Religion In Beowulf

634 Words3 Pages
Beowulf, a poem based around Christian and pagan beliefs. It follows a steadfast and heroic man, that has set out on a mission to defeat the monster known as Grendel. And although Beowulf is a very distinguised character, many other characters within the poem are guiding totems. Those within the poem that shine a light on Beowulf as a character and reflect the culturial practices are Wiglaf, Hrothgar and Grendel. Wiglaf, the braviest and the loyalist within the poem. He serves as a reminder of those that followed the comitatus code or heroic code. He shows his dedication and loyalty towards Beowulf, when nobody else dared. And I have to say, out of all the characters, Wiglaf brings out the best in Beowulf. Never once did he disobey an order…show more content…
He is the perfect reminder of the cultural practices of the Anglo-Saxons and their view on kings. Kings within this period expected much out of their warriors. They were to be loyal and show bravery in the name of their king. It was a highly praised upon devotion that was rewarded heavily by the king. This heavily relates back to Hrothgar, who in the poem, after Grendel's defeat rewards Beowulf. Which, Hrothgar was a bit of a good influence on Beowulf. He encouraged and guided the dutiful warriors, of which Beowulf was. During the Anglo-Saxon rule, kings were almost looked upon as though they were descendents of God. The people tended to turn to the king for most solutions, which after Grendels intitial attacks, Hrothgar is at a loss on what to do. But, after the defeat of Grendel, the people still give praise to their king, "... though no one denied the grace Hrothgar: that was a good king." (Beowulf, lines 766-767) This shows an undeniable loyalty to the king and is great example of how kings were 'almost' put on a pedastal. Grendel, the main opposing force within the first part of the poem. He is a vile and horrrible creature that brings out the worst in Beowulf. A descendant from Cain, he preys upon those within the king's mead hall. Grendel serves as a reflection of pagan beliefs, because unlike Christianity, fictional monsters were more accepted in pagan literature. And unlike, Hrothgar and Wiglaf, he brings out the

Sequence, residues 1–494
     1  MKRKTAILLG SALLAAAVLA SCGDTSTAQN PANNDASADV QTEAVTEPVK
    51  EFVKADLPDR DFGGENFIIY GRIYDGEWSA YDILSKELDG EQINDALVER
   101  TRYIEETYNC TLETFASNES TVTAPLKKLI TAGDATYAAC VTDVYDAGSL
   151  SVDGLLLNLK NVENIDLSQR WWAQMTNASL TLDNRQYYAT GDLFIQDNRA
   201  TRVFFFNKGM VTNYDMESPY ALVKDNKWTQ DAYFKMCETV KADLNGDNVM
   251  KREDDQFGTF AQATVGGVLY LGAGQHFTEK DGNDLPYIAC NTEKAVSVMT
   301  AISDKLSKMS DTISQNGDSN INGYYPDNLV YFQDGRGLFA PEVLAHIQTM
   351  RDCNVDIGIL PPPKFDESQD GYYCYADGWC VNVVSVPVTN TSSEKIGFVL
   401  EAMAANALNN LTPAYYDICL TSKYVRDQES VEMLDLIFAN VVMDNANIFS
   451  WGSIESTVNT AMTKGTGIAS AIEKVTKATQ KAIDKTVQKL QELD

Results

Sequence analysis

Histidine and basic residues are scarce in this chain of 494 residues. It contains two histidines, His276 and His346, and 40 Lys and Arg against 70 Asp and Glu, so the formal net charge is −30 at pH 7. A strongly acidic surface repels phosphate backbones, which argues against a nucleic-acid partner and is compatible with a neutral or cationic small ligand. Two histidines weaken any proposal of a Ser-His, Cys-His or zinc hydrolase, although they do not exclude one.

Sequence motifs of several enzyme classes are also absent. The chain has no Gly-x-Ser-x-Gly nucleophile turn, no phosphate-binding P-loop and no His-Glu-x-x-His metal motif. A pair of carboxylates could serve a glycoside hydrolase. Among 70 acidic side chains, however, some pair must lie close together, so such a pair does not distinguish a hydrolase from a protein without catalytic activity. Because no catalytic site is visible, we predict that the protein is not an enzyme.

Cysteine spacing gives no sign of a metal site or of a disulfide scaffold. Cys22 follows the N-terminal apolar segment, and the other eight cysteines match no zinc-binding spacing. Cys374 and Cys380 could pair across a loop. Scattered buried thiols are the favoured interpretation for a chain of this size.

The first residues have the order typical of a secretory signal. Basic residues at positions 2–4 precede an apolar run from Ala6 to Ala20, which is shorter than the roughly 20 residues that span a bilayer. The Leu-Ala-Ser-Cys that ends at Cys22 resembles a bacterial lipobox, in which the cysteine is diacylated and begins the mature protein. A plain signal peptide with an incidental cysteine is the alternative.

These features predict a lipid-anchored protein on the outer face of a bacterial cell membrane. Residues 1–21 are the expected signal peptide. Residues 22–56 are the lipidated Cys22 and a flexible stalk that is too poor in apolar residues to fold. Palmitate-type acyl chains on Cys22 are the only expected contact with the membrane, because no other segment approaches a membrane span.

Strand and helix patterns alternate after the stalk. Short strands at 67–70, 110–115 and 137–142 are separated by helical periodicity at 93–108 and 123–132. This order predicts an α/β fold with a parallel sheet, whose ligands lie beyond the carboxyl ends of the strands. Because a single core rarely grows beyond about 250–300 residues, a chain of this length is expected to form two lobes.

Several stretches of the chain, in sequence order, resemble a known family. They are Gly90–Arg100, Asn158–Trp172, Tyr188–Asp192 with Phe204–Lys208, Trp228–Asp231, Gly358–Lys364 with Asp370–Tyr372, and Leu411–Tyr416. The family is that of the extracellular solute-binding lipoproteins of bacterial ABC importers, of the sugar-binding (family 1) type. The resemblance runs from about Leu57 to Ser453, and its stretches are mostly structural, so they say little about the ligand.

More about Religion In Beowulf

Open Document